A voter survey commissioned by California’s Regulate Marijuana Like Wine (RMLW) initiative campaign suggests the initiative could win at the polls in November—if it manages to make it on the ballot in the first place.
[image:1 align:left]RMLW is one of handful of proposed 2012 California marijuana legalization initiatives, all of them ill-funded.
For any of them to make the ballot, they have to come up with more than 500,000 valid voter signatures by April, a task that is considered almost impossibly to accomplish by volunteer efforts alone.
RMLW commissioned the poll in a bid to show potential funders it could win in November, and with these poll results, the campaign can now make that argument.
California initiative watchers estimate that it would take between $1 and $2 million in paid signature-gathering to make the ballot.
The statewide poll of 800 likely voters conducted by Fairbank, Maslin, Maullin, Metz Associates found support for the initiative at 62%, with 35% opposed and 3% undecided. No cross-tabs have been made available.
The poll found even higher levels of support for more general critiques of current drug laws and the level of attention California law enforcement pays to marijuana.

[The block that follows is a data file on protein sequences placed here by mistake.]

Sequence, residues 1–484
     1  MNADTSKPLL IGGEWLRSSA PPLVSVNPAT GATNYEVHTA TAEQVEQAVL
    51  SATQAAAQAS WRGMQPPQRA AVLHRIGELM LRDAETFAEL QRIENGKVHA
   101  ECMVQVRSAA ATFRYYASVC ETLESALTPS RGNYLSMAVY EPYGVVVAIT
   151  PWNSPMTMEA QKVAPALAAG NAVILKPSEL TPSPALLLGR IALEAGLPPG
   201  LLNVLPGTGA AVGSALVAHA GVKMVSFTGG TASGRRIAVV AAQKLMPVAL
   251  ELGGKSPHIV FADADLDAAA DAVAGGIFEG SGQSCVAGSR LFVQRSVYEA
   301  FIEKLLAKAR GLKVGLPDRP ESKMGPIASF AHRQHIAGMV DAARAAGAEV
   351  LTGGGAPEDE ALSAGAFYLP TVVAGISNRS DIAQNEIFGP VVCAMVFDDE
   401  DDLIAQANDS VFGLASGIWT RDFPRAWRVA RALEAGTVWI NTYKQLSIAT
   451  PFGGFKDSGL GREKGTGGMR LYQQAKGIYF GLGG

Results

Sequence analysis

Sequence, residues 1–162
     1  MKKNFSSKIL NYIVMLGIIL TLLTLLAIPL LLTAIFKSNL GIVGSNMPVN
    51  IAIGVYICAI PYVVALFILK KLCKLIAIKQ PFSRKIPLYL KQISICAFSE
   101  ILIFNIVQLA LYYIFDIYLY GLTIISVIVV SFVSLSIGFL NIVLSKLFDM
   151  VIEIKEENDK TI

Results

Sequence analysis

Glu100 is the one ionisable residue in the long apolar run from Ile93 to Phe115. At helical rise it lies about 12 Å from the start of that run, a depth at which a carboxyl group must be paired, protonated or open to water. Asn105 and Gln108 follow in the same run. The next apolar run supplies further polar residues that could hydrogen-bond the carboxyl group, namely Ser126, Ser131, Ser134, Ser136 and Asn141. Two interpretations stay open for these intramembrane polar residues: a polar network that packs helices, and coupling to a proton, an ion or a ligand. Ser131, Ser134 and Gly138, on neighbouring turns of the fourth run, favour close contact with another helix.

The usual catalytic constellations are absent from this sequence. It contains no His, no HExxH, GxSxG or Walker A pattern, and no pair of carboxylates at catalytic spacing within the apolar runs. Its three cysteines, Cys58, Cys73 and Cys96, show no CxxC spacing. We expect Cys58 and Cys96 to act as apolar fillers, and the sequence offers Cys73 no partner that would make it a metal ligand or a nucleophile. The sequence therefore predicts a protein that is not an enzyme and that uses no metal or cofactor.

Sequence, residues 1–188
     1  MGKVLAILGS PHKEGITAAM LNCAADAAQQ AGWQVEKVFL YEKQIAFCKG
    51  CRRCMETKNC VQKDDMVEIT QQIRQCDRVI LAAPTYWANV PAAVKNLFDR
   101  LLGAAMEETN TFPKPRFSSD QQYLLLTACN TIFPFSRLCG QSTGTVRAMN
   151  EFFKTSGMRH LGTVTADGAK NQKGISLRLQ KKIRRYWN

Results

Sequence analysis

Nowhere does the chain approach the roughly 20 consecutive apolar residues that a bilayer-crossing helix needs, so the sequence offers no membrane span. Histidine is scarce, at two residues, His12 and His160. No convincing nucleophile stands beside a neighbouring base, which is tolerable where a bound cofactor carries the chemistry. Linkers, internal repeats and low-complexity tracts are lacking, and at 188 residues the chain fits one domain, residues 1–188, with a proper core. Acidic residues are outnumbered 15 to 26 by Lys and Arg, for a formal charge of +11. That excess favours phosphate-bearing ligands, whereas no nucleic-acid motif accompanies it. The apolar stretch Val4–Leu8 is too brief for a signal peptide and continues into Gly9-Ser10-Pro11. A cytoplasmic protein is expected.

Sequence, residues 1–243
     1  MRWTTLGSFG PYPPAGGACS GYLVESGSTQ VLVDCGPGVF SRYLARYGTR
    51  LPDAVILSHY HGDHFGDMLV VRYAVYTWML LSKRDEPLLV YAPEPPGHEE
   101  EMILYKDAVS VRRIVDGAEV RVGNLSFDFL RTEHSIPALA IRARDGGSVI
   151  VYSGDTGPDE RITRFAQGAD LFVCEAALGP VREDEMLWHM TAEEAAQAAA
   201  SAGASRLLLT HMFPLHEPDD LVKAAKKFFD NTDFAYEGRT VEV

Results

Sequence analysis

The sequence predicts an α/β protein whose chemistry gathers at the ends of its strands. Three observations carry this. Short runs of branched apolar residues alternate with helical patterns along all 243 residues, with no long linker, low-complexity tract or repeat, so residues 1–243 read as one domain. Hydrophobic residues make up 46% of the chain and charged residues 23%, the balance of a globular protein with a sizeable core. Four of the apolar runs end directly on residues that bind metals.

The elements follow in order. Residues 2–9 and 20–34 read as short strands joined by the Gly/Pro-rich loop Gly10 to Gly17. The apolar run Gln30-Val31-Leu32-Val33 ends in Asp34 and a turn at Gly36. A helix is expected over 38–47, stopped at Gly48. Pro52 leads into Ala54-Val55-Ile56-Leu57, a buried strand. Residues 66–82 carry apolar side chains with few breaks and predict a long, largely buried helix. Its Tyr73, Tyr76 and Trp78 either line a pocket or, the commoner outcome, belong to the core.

Four out of five respondents (80%) agreed with the statement, “State and federal drug laws are outdated and have failed, therefore, we need to take a new approach that makes sense for today,” while 71% agreed that law enforcement spends too much, time, money, and resources enforcing marijuana laws.
If RMLW were to pass, the California Legislative Analyst’s Office has projected “savings of potentially several tens of millions of dollars annually to state and local governments of the costs of incarcerating and supervising certain marijuana offenders,” as well as potentially generating “hundreds of millions of dollars in net additional tax revenues related to the production and sale of marijuana products.”
“There is no policy that is more discriminatory or wastes more tax dollars,” said RMLW treasurer Steve Collett, who hailed the poll results. “This initiative helps farmers, reduces prison overcrowding, relieves burdens on the courts, generates revenues for the state, and frees up police to work on real crimes.”
The results also encouraged Law Enforcement Against Prohibition (LEAP) co-founder Jack Cole. “LEAP believes the citizens of California are far ahead of the federal government in assessing a policy that will reduce death, disease, crime, and corruption, when they register 62% support for the initiative Regulate Marijuana Like Wine,” he said.
Proponents of the competing marijuana legalization initiatives are working to set up a joint meeting, a so-called “Cannadome” in the Bay Area for mid-February.
Whether these new poll results will make any difference in forging unity then remains to be seen.